Transposition of the Great Arteries: Mazan’s Story

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Chelsea works as a perinatal sonographer in the Lehigh Valley in eastern PA. When Chelsea became pregnant with her fifth child, she was concerned about the history of placental abruption in her previous two pregnancies. However, her ultrasound showed something completely unexpected: her son had a heart defect

Transposition of the Great Arteries: Mazan’s Story Chelsea and her husband, Edward, were seen by Louis Hansrote, MD, FAAP, FAAC, of Children’s Hospital of Philadelphia’s Allentown Cardiac Center, and referred to CHOP’s Fetal Heart Program, where Jack Rychik, MD, Medical Director of the Fetal Heart Program, confirmed the baby’s diagnosis. Mazan had transposition of the great arteries (TGA), ventricular septal defect and pulmonary valve stenosis. In babies with TGA, the two large arteries that carry blood from the heart are connected to the heart on the wrong sides, causing these infants to have dangerously low blood oxygen levels. These babies typically require urgent intervention immediately after birth, and all will eventually require open-heart surgery.

At CHOP, babies born with this and other congenital heart defects may be referred to the Richard D. Wood Jr. Center for Fetal Diagnosis and Treatment and delivered in the Garbose Family Special Delivery Unit (SDU), enabling expert cardiac care right after delivery. Mazan was born in the SDU on Dec. 15, 2021.

A lifesaving procedure

Transposition of the Great Arteries: Mazan’s Story Mazan with his siblings Surprisingly, Mazan’s heart was stable upon delivery, and he was able to breathe almost entirely on his own. After a week in the hospital, his care team was considering discharge when Mazan’s stats began to change, and his oxygen levels decreased.

CHOP doctors performed a balloon atrial septostomy, a lifesaving catheterization procedure which creates or enlarges a hole between the upper chambers of the heart, allowing more oxygen-rich blood to get to the body.

Though he would need surgery in the very near future, Mazan was temporarily discharged to spend some time at home and followed by Robert Palermo, DO, FACC, a pediatric cardiologist in CHOP’s Allentown Cardiac Center, just 15 minutes from the family’s home.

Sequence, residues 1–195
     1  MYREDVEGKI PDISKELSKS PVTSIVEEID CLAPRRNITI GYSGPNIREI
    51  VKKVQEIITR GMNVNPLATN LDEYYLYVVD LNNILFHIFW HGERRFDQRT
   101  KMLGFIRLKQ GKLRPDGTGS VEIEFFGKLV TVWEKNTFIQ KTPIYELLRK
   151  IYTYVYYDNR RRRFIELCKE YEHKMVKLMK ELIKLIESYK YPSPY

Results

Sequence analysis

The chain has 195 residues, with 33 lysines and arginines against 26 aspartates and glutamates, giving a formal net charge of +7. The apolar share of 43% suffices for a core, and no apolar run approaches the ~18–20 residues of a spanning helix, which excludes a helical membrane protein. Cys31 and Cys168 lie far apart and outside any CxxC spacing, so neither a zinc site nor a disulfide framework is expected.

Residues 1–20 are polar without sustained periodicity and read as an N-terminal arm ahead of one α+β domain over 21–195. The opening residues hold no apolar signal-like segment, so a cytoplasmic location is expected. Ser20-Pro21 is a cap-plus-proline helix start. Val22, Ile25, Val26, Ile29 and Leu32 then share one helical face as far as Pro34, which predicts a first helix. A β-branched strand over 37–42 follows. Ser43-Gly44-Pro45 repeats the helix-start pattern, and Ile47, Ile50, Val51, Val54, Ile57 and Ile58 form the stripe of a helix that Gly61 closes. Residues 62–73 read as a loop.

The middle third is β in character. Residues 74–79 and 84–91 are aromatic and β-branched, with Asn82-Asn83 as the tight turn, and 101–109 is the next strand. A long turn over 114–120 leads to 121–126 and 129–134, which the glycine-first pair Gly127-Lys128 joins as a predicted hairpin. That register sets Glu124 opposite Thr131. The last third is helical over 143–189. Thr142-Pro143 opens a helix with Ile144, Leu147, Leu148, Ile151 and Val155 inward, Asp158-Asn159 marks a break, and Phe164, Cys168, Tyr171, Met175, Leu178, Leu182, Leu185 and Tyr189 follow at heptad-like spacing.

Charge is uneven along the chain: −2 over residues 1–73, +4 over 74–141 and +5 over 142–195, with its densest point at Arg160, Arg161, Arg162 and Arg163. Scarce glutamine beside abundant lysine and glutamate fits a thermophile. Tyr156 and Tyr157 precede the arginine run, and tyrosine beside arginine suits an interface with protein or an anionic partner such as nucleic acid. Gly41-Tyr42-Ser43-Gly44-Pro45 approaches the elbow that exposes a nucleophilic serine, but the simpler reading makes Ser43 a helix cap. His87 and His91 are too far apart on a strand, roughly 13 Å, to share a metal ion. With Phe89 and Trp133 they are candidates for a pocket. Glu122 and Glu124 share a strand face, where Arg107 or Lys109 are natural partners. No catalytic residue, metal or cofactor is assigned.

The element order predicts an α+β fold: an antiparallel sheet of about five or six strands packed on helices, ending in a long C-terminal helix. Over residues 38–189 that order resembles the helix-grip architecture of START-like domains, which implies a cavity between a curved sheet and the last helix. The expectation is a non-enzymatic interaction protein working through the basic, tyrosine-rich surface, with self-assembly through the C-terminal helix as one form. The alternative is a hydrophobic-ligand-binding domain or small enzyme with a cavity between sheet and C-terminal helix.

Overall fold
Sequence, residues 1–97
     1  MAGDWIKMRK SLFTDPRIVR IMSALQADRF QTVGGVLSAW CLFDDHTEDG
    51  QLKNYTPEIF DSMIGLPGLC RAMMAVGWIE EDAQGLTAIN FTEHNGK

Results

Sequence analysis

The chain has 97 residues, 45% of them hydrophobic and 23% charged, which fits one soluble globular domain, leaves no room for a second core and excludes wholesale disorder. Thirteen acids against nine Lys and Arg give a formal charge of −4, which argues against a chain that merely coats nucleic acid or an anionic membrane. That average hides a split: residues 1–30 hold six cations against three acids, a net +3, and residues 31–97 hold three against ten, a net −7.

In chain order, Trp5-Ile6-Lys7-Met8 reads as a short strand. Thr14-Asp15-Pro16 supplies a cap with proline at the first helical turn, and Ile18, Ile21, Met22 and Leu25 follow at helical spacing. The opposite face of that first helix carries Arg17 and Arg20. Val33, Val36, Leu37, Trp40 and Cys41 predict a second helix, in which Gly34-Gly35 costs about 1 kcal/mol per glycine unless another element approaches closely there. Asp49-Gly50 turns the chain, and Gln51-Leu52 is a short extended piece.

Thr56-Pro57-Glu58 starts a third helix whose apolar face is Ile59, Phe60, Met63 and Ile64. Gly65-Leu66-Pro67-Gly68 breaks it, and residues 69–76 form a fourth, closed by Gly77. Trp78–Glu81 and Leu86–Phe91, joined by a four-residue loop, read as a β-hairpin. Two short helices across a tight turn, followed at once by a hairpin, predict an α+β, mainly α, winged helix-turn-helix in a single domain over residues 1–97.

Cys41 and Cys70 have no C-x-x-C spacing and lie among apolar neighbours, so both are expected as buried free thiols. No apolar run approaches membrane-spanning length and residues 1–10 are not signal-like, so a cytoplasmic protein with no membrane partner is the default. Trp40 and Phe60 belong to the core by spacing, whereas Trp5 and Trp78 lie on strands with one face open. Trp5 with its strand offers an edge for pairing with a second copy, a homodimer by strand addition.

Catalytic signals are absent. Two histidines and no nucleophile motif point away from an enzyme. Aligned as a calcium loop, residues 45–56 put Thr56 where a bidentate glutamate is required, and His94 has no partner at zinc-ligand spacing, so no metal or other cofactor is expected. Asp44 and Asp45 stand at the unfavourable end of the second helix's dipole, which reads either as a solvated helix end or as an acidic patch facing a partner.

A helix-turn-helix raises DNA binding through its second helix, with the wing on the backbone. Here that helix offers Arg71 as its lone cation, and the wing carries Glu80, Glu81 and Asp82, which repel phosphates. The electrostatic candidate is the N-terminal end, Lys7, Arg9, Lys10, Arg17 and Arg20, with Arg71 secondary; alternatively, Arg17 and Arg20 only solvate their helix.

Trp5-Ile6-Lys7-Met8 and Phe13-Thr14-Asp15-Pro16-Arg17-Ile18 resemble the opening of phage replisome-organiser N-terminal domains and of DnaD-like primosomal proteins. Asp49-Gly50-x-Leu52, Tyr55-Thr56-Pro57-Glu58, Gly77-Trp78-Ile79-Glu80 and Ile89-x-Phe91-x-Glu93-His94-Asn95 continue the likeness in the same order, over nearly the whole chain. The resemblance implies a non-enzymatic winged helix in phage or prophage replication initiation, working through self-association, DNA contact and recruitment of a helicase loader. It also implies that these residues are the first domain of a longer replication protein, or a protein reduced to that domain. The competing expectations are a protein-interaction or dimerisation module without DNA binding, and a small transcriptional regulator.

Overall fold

At 3 months, Mazan returned to CHOP, for his first surgery with cardiothoracic surgeon Katsuhide Maeda, MD, PhD. Dr. Maeda placed a Blalock-Thomas-Taussig (BTT) shunt, which is a small tube connecting the arterial circulation to the pulmonary circulation, allowing more blood to flow to the lungs. A temporary solution, the BTT shunt would allow Mazan to grow and better prepare for his future surgery, the arterial switch.

With Chelsea’s medical background, knowing the severity of Mazan’s condition left her feeling helpless.

“We didn’t know the extent of recovery,” says Edward. “Seeing Mazan come out of surgery [after the BTT shunt operation] with wires and IVs was really hard.”

A difficult recovery

Transposition of the Great Arteries: Mazan’s Story Although Mazan’s surgery was successful, his recovery was difficult. He spent two weeks in the hospital, during which Chelsea and Edward had to commute to the hospital so they could also attend to their four other children. “It was hard not to be under one roof,” says Chelsea.

Mazan finally returned home, only to be readmitted a week later with the flu.

The biggest challenge, however, was feeding Mazan. He needed to gain weight in preparation for the arterial switch but had difficulty keeping food down. In addition, Mazan’s low oxygen made him too lethargic to eat. “It was like he was having to choose whether to eat or breathe,” says Edward.

“Even though we felt overwhelmed with the struggle of trying to get Mazan to eat and gain weight,” says Chelsea, “Dr. Palermo was there to answer any questions we had. He always let us know that, though it was difficult, we were all doing great.”

As Mazan neared his first birthday, his care team agreed they could no longer wait for surgery. He was beginning to have episodes of cyanosis (turning blue), and his oxygen remained in the low 80s. Three weeks before his birthday, Mazan returned to CHOP for surgery. Dr. Maeda performed a Rastelli operation in which the pink blood entering the left ventricle is channeled towards the aorta from the right ventricle, and a conduit is placed from the right ventricle cavity to the vessels to the lungs.

“We were nervous, but this time we were prepared for a long recovery,” says Edward. “We expected another round of feeding issues.”

‘A different child’

Transposition of the Great Arteries: Mazan’s Story Chelsea and Edward were thrilled when, instead of the difficulty they’d experienced after the previous surgery, Mazan eagerly accepted a bottle one day post-op. Now able to breathe properly, “he wanted to eat everything in sight,” says Chelsea.

Recovering from his second surgery in less than a week, Mazan was soon able to return home, where he quickly began eating solid foods. “It was like he was a different child,” says Edward.

Mazan will eventually outgrow the conduit and will likely need a pulmonary valve replacement when his heart reaches its adult size.

For now, he continues to be followed by Dr. Palermo, and his parents are grateful for the convenient proximity of the Allentown Cardiac Center to their home.

“Nobody likes driving into the city,” says Chelsea. “I now don’t have to plan my whole day around that drive.”

Mostly, however, the family is grateful to have received the exceptional care of their cardiac team. Says Chelsea, “Even though it was such a hard situation, the amount of love, support and care we’ve received from Dr. Palermo and his practice has been unreal.”

Now 18 months, Mazan loves to play with his older siblings, dance, play hide-and-seek and most of all — eat!

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